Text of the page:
AHC: The most successful Overlord possible.

So, I've seen plenty of threads over the years about making Operation Overlord a failure, and the consequences from that.

Your challenge is to do the opposite and figure out how to make Overlord as successful as it can possibly be, with a POD no further back than 6 June 1943.
 
If Anzio had not been launch could you widen the front by another division, perhaps a diversionary attack on the breton coast?
 
So, I've seen plenty of threads over the years about making Operation Overlord a failure, and the consequences from that.

Your challenge is to do the opposite and figure out how to make Overlord as successful as it can possibly be, with a POD no further back than 6 June 1943.

Omaha/Utah DD Tanks launched closer to shore. armored Amtracs. Some two dozen M6 Heavy tanks are in play for breakout, along with T20 series mediums with the original longer barrel 76mm gun.

Now for more effort. Have US Marines be part of it, and land at Gold: lets call that 'Vermont'

Now those UK, Canadian and UK/F.French forces will be shifted east, so Canadians will be at Sword, and UK/F.F east of Caen other side of the Orne at a planned landing zone called Band that OTL was dropped during planning due to flooding done by the Nazis, and lack of landing craft
This allow Caen to be taken on schedule
 
Omaha/Utah DD Tanks launched closer to shore. armored Amtracs. Some two dozen M6 Heavy tanks are in play for breakout, along with T20 series mediums with the original longer barrel 76mm gun.

Now for more effort. Have US Marines be part of it, and land at Gold: lets call that 'Vermont'

Now those UK, Canadian and UK/F.French forces will be shifted east, so Canadians will be at Sword, and UK/F.F east of Caen other side of the Orne at a planned landing zone called Band that OTL was dropped during planning due to flooding done by the Nazis, and lack of landing craft
This allow Caen to be taken on schedule

The DD tanks is an easy fix, have them better understood by the officers planning things, taking into account the sea state of the time on the day as well. Also have someone make Ike force Bradley to have a lot more Funnies. He was given full access to the entire range of vehicles, including Crocodiles, AVREs and Crabs. Unfortunately because they were based on the Churchill tank, Bradley turned it down because it would have complicated the supply issue. Bradley was, in retrospect, wrong to refuse more specialised armour, Omaha would have been very, very different if he had.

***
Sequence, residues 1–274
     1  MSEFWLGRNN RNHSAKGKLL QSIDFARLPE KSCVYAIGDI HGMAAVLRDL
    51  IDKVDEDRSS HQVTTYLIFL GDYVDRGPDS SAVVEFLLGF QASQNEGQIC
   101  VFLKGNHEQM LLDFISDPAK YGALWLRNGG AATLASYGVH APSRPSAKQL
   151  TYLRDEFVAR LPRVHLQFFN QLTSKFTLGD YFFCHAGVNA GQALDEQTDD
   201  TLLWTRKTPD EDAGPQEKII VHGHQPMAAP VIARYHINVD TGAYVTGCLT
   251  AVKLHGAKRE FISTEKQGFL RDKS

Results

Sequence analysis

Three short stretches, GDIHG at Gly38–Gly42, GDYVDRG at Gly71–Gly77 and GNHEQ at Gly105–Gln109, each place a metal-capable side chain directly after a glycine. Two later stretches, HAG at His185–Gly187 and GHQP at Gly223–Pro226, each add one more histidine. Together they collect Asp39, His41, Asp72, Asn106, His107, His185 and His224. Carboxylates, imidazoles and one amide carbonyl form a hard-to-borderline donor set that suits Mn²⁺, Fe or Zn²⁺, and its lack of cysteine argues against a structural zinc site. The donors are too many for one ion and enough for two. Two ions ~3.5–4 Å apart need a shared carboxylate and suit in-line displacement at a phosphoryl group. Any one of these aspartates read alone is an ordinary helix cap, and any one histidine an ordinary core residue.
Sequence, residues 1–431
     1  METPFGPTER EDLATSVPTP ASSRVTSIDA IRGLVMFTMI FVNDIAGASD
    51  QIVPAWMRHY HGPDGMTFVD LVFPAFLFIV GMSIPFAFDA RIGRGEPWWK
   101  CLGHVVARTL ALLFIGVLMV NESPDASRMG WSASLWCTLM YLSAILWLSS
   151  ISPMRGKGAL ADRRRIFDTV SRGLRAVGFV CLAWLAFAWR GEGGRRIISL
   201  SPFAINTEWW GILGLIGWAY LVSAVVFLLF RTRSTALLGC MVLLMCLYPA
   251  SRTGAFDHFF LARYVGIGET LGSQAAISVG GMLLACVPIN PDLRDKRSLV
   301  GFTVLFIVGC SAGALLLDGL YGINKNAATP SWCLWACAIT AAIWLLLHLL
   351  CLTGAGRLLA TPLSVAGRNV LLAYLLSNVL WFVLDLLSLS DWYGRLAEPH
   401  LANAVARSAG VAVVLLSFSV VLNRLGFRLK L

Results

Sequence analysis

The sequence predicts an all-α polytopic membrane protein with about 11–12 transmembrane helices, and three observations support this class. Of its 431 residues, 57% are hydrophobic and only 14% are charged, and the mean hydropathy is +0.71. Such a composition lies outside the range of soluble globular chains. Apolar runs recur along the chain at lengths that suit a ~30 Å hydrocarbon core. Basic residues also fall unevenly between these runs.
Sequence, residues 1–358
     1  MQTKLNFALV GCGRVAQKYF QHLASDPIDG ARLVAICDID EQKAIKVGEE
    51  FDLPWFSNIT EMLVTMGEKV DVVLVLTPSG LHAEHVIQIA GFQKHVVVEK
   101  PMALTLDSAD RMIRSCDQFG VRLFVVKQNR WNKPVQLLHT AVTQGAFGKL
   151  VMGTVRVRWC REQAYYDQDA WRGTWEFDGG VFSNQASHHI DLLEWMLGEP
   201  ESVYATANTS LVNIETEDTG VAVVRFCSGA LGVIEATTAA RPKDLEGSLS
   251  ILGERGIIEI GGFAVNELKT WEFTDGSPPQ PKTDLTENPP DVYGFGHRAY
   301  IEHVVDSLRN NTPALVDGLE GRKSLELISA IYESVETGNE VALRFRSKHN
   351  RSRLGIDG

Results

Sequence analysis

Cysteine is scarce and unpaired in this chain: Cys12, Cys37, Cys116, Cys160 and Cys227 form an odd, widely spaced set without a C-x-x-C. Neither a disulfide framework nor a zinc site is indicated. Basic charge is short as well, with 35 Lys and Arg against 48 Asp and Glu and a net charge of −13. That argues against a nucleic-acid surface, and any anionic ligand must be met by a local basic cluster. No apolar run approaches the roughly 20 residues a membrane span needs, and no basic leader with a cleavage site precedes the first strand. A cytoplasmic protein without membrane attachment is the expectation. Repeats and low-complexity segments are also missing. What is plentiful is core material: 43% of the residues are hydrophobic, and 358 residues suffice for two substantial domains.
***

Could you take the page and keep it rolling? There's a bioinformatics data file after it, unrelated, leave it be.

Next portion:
Unfortunately the only way to have US Marines at Normandy is to have a truck run over General Marshall. He was very clear that no Marines would ever be in Europe in large numbers, at least whilst he was the US chief of staff.
And I think that Band was just a place that was due to have a small landing by the Royal Marines in the event that the attack on the Merville Battery failed. It succeeded so they didn't land, but were diverted to Sword.
The best way to take Caen would have been to have a slightly better bombardment of the beaches and above all have Bomber Command go to town on the German positions inland, like at Hillman, which was larger than expected. Perhaps have the French Resistance discover just how extensive it was?
 

hipper

Banned
The DD tanks is an easy fix, have them better understood by the officers planning things, taking into account the sea state of the time on the day as well. Also have someone make Ike force Bradley to have a lot more Funnies. He was given full access to the entire range of vehicles, including Crocodiles, AVREs and Crabs. Unfortunately because they were based on the Churchill tank, Bradley turned it down because it would have complicated the supply issue. Bradley was, in retrospect, wrong to refuse more specialised armour, Omaha would have been very, very different if he had.
Unfortunately the only way to have US Marines at Normandy is to have a truck run over General Marshall. He was very clear that no Marines would ever be in Europe in large numbers, at least whilst he was the US chief of staff.
And I think that Band was just a place that was due to have a small landing by the Royal Marines in the event that the attack on the Merville Battery failed. It succeeded so they didn't land, but were diverted to Sword.
The best way to take Caen would have been to have a slightly better bombardment of the beaches and above all have Bomber Command go to town on the German positions inland, like at Hillman, which was larger than expected. Perhaps have the French Resistance discover just how extensive it was?

To take Caen on Day one have the 21st panzer Division be somewhere else.
 
Omaha/Utah DD Tanks launched closer to shore. armored Amtracs. Some two dozen M6 Heavy tanks are in play for breakout, along with T20 series mediums with the original longer barrel 76mm gun.

Now for more effort. Have US Marines be part of it, and land at Gold: lets call that 'Vermont'

Now those UK, Canadian and UK/F.French forces will be shifted east, so Canadians will be at Sword, and UK/F.F east of Caen other side of the Orne at a planned landing zone called Band that OTL was dropped during planning due to flooding done by the Nazis, and lack of landing craft
This allow Caen to be taken on schedule